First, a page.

A Dutch scientist, Marie Beatrice Schwarz, is credited with first identifying the causal agent of what was to become known as Dutch elm disease. Another Dutch scientist, Christine Johanna Buisman, who had seen the disease in her homeland, first identified Dutch elm disease in Ohio in 1930. The disease spread up and down the U.S. East Coast and west across the continent, reaching the West Coast in 1973. Over 40 million American elm trees have been killed by this disease, and today it is still a very destructive disease of shade trees in the U.S.
Many of the elm trees in North America and Europe were planted in rows along streets and walkways, or in hedgerows, or on dikes. The elm trees made effective windbreaks (Figure 22), and the large, overarching branches created beautiful shady canopies (Figure 23). These dense plantings of elm trees are examples of monocultures.
Monocultures are created when plants of the same species are grown in close proximity, with few other types of plants present. People have planted monocultures for hundreds of years and there are many reasons why monocultures are desirable. Monocultures provide uniformity, which is desirable both for aesthetic reasons and for production practices. Planting, management, and harvest are all simpler when one kind of plant is grown in an area.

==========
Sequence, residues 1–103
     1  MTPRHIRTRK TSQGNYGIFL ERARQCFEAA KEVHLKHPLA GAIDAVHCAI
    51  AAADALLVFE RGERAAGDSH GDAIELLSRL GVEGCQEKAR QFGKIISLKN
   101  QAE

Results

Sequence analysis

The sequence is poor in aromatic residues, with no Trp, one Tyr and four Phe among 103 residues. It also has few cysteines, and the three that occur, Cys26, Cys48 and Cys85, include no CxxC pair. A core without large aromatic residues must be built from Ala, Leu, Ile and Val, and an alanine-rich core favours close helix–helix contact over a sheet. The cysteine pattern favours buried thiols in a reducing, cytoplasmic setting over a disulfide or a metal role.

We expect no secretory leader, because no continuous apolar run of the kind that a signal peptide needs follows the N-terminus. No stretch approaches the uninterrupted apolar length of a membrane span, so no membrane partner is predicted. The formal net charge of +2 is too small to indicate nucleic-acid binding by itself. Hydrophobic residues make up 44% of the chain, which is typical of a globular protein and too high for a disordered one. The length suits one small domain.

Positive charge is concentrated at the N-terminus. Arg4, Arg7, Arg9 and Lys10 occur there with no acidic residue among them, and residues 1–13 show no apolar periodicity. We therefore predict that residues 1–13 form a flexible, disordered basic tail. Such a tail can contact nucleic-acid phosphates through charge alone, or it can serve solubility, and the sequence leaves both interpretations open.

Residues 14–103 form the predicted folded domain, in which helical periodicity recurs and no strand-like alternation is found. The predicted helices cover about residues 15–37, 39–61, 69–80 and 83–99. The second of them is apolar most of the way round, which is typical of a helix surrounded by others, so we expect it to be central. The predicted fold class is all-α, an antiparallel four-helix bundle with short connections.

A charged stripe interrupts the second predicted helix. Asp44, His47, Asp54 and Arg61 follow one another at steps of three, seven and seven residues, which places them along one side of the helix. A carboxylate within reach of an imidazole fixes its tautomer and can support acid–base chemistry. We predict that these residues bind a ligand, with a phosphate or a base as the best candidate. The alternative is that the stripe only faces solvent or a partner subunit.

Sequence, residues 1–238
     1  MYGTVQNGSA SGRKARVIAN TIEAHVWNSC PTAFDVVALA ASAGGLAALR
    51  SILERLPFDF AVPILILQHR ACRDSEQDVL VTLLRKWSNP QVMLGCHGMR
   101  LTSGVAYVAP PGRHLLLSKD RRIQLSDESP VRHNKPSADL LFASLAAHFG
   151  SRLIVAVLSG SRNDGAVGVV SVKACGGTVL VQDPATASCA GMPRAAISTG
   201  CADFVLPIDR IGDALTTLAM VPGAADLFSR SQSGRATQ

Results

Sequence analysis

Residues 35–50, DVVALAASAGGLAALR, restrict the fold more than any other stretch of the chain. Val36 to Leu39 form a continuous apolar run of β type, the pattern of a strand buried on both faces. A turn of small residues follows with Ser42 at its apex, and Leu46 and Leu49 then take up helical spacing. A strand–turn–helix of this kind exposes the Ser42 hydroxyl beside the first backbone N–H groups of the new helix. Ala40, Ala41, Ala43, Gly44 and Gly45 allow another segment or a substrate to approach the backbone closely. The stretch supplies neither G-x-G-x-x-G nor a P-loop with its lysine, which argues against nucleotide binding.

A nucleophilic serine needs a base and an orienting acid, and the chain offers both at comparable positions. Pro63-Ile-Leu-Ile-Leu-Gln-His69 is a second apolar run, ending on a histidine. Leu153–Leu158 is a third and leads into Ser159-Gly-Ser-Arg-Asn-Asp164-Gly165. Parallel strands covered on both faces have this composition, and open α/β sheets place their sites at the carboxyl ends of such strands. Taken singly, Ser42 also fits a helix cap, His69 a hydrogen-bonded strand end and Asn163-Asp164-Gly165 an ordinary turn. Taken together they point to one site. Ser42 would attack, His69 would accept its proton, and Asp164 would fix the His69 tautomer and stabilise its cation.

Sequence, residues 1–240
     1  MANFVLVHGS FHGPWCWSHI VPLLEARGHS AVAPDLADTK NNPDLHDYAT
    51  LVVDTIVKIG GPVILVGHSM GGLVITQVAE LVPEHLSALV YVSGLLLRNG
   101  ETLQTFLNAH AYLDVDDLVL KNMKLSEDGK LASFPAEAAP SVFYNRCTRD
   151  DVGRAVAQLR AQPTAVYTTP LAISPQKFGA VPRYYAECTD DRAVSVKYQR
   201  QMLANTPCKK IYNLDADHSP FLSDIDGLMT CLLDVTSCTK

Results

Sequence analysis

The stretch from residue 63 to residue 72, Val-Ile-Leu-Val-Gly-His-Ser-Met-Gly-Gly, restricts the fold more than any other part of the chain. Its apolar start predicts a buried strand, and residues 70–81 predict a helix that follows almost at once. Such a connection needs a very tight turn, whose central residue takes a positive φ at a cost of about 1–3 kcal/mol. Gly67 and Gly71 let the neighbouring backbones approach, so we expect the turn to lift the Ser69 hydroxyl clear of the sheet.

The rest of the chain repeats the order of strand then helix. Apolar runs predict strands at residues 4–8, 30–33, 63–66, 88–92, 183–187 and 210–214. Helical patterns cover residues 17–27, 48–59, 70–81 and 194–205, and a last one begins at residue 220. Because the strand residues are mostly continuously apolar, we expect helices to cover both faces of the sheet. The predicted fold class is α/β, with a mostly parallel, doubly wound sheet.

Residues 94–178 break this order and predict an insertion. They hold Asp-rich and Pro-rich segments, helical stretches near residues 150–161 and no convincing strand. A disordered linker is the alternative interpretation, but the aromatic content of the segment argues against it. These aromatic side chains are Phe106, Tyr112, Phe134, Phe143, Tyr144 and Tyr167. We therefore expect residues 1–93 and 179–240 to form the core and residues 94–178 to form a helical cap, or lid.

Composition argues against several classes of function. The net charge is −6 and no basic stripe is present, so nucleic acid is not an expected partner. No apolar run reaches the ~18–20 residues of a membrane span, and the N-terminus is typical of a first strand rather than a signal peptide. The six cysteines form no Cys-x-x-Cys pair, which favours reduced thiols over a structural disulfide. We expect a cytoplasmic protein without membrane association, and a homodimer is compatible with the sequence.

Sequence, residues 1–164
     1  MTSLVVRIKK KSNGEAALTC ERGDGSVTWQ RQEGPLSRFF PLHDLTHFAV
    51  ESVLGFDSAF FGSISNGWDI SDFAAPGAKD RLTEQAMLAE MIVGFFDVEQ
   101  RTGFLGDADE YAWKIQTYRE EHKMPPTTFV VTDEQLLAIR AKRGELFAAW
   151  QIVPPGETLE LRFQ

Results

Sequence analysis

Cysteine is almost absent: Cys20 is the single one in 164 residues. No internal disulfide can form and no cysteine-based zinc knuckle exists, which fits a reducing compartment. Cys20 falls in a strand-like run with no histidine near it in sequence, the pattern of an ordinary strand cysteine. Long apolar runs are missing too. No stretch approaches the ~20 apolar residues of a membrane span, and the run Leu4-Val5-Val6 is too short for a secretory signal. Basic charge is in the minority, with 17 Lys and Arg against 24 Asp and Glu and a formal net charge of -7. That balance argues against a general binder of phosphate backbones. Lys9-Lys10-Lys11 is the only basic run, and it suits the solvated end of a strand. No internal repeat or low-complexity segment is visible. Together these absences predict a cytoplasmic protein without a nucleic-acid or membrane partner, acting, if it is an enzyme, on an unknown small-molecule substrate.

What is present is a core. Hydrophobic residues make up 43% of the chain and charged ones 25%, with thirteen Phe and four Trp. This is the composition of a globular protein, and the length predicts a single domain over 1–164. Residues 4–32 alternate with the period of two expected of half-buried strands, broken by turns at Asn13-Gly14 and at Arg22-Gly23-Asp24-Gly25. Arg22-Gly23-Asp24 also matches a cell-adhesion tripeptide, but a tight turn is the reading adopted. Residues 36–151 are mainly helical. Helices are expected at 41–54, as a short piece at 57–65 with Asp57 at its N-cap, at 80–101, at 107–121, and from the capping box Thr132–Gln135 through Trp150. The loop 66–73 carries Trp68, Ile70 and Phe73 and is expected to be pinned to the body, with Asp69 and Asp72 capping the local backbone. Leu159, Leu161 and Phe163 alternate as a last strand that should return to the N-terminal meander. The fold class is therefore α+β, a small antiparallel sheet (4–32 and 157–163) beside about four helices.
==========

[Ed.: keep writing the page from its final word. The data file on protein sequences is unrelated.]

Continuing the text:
Dangers, however, are inherent in monocultures. Because all of the plants in a monoculture are very much alike, they are all subject to the same catastrophic problems. A disease, insect or weather condition that harms one plant is likely to harm them all. Monoculture is the main reason why Dutch elm disease has been so devastating in our towns and cities. The pathogens can move between closely spaced trees via insect vectors or root grafts, leaving devastation in their wake (Figure 24). The Dutch elm disease epidemics illustrate the value of diversity in plant populations.
Ash, C.L., ed. 2001. Shade Tree Wilt Diseases. American Phytopathological Society, St. Paul. MN.
Brasier, C.M. 1991. Ophiostoma novo-ulmi sp. nov., causative agent of current Dutch elm disease pandemics. Mycopathologia 115:151-161.
D’Arcy, C.J. and D.M. Eastburn. Dutch elm disease. Plants, Pathogens, and People. http://www.ppp.uiuc.edu
Dunn, C.P., ed. 2000. The Elms: Breeding, Conservation, and Disease Management. Kluwer Academic, Boston, Dordrecht.
Holmes, F.W. and H.M. Heybroek. 1990. Dutch Elm Disease - The Early Papers. APS Press, St. Paul, MN.
National Public Radio program: Dutch elm disease. An interview with Mark Stennes, plant pathologist from Top Notch Treecare, who explains the current situation with Dutch elm disease in Minneapolis/St. Paul, MN and answers call-in questions from listeners. This file is available as a download from APSnet.
Sinclair, W.A. and H.H. Lyon. 2005. Diseases of Trees and Shrubs, 2nd ed. Cornell University Press, Ithaca, NY.
Smalley, E.B. and R.P. Guries. 1993. Breeding elms for resistance to Dutch elm disease. Annual Review of Phytopathology 31:325-352.
Townsend, A.M. and L.W. Douglass. 2004. Evaluation of elm clones for tolerance to Dutch elm disease. Journal of Arboriculture 30:179-183.
Wolkomir, R. 1998. Racing to revive our embattled elms. Smithsonian 29(3):40-49.
Get ALL the Latest Updates for ICPP2018: PLANT HEALTH IN A GLOBAL ECONOMY. Follow APS!